Volatile esters, a major class of compounds contributing to the aroma of many fruit, are synthesized by alcohol acyl-transferases (AAT). We demonstrate here that, in Charentais melon (Cucumis melo var. cantalupensis), AAT are encoded by a gene family of at least four members with amino acid identity ranging from 84% (Cm-AAT1/Cm-AAT2) and 58% (Cm-AAT1/Cm-AAT3) to only 22% (Cm-AAT1/Cm-AAT4). All encoded proteins, except Cm-AAT2, were enzymatically active upon expression in yeast and show differential substrate preferences. Cm-AAT1 protein produces a wide range of short and long-chain acyl esters but has strong preference for the formation of E-2-hexenyl acetate and hexyl hexanoate. Cm-AAT3 also accepts a wide range of substrates but with very strong preference for producing benzyl acetate. Cm-AAT4 is almost exclusively devoted to the formation of acetates, with strong preference for cinnamoyl acetate. Site directed mutagenesis demonstrated that the failure of Cm-AAT2 to produce volatile esters is related to the presence of a 268-alanine residue instead of threonine as in all active AAT proteins. Mutating 268-A into 268-T of Cm-AAT2 restored enzyme activity, while mutating 268-T into 268-A abolished activity of Cm-AAT1. Activities of all three proteins measured with the prefered substrates sharply increase during fruit ripening. The expression of all Cm-AAT genes is up-regulated during ripening and inhibited in antisense ACC oxidase melons and in fruit treated with the ethylene antagonist 1-methylcyclopropene (1-MCP), indicating a positive regulation by ethylene. The data presented in this work suggest that the multiplicity of AAT genes accounts for the great diversity of esters formed in melon.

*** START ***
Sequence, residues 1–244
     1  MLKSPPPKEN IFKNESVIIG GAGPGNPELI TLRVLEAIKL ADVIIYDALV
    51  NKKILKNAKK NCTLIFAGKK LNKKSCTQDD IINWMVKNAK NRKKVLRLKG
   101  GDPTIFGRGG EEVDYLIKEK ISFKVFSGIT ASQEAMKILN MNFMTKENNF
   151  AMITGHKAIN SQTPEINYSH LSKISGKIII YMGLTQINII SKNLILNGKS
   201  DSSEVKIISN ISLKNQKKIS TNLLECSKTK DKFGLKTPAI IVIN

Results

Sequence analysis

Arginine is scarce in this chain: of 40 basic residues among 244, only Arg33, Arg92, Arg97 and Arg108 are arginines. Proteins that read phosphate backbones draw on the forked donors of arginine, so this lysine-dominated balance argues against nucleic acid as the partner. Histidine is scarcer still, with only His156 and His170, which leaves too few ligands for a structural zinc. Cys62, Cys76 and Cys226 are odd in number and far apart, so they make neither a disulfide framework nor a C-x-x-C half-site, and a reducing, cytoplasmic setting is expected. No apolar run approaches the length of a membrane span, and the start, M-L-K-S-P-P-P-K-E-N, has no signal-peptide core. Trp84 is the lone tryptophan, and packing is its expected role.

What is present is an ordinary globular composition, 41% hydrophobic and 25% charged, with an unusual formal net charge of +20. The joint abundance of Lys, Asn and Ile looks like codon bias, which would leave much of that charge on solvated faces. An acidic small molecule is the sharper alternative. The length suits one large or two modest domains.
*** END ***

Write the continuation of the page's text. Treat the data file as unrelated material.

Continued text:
Plant Molecular Biology – Springer Journals
Published: Jun 17, 2005
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